So, if we know “self-esteem” is a problem and we know there’s plenty out there to teach us how to overcome the “problem,” then, why does the problem so strongly persist? I see people all the time who have read these books and articles and have really tried; yet they still don’t feel self-esteem. They don’t believe they’re of worth.


Could the fact that so many people are struggling to feel “self-esteem” be a clue that something is not right? Because I can tell you, something isn’t right. In fact, I’ve come to see that the entire concept of “self-esteem” is not right. And that is the real problem: The very thing we are trying to pursue is a myth.


Allow Me to Explain

You may be thinking, “But wait?! Aren’t we supposed to pursue self-esteem? Aren’t we supposed to teach it to our kids and make sure we help others pursue it too? Isn’t it the way we learn to love ourselves?” Certainly, that’s what we’ve been taught. But what we’ve been taught is wrong. Allow me to explain.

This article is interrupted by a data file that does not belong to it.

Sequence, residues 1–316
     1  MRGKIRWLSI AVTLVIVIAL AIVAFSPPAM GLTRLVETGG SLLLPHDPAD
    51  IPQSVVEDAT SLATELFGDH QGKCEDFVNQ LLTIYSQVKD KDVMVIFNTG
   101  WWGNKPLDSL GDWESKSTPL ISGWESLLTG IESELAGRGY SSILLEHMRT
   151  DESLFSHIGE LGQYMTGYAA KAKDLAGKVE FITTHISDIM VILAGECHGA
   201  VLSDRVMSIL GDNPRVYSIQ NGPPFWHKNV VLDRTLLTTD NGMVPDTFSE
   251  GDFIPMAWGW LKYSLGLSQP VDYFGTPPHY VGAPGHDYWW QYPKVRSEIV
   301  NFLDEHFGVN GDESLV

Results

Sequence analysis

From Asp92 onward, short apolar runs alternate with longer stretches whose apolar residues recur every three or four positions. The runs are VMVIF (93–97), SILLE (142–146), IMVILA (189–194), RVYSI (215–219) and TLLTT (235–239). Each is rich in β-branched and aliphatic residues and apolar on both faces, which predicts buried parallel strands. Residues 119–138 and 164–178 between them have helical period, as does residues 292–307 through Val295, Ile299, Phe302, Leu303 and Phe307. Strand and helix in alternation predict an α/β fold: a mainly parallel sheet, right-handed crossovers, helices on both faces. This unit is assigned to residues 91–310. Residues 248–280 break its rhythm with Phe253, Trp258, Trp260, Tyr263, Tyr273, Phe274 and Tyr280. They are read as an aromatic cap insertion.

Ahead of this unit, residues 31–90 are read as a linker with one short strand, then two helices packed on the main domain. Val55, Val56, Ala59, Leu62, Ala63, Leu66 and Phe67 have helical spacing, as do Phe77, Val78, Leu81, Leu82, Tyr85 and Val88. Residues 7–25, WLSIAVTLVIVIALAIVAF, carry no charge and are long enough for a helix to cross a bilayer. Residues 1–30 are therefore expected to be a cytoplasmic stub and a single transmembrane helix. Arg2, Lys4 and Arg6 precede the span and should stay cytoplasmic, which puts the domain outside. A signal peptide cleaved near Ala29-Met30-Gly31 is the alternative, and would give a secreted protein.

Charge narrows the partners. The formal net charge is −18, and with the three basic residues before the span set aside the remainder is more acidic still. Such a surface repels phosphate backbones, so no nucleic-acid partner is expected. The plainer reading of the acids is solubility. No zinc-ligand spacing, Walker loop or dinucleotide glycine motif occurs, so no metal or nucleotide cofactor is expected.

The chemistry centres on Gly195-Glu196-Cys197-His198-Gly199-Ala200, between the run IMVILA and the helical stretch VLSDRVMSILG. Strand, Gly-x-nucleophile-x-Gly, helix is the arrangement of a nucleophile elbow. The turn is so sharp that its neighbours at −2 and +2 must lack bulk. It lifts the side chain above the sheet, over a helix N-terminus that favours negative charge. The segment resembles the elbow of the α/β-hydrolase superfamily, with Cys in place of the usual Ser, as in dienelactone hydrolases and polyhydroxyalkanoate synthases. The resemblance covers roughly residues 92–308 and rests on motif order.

First, let’s define “self-esteem”. According to dictionaries and even psychologists, Self-Esteem means:

1)   Belief in oneself; self-respect; undue pride or conceit[2]

2)   One’s overall evaluation or appraisal of his or her own worth

3)   A judgment of oneself as well as an attitude toward the self

4)   Encompasses beliefs, emotions, thoughts, and power of conviction about oneself[3]

5)   “Self-esteem, is the positive or negative evaluations of the self, as in how we feel about it.”[4]


Reading these definitions, it’s easy to see that “self-esteem,” while it sounds like a valuable and worthy goal, is based on one’s own thinking, perceptions, and emotions related to one’s own performance and behavior. And that’s where the problem lies.


5 Reasons Self-Esteem is a Myth

We can never build a permanent sense of our own worth if we base our worth on things that are bound to change. This is why Self-Esteem is a myth:


1)   Self-esteem is based on what we do and how we behave.

If our worth is based on our performance or behavior, then we are bound to feel poorly about ourselves when our performance or behavior drops; and it will drop—it’s human nature. We are more than what we do and how we behave.